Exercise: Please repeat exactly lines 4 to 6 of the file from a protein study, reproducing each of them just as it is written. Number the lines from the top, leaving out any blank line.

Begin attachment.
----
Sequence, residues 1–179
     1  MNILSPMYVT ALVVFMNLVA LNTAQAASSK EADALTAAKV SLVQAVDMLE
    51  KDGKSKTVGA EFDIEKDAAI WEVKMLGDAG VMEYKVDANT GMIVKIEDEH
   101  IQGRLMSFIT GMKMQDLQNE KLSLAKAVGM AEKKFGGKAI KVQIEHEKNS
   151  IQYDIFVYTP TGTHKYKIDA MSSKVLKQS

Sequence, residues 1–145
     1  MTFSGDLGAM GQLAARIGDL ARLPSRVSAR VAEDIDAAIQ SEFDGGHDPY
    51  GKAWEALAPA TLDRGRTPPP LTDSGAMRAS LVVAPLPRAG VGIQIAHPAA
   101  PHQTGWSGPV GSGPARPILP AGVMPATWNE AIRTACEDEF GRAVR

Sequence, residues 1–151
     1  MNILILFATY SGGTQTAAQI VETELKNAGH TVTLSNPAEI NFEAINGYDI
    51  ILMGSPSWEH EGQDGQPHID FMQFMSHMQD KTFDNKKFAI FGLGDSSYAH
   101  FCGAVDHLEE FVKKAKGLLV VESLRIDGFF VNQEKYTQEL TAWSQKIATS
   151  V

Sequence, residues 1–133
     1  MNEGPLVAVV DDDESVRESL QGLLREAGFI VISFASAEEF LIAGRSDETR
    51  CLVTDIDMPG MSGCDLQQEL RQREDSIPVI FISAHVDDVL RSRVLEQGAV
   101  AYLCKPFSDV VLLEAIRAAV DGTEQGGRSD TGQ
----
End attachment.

   101  IQGRLMSFIT GMKMQDLQNE KLSLAKAVGM AEKKFGGKAI KVQIEHEKNS
   151  IQYDIFVYTP TGTHKYKIDA MSSKVLKQS

Sequence, residues 1–145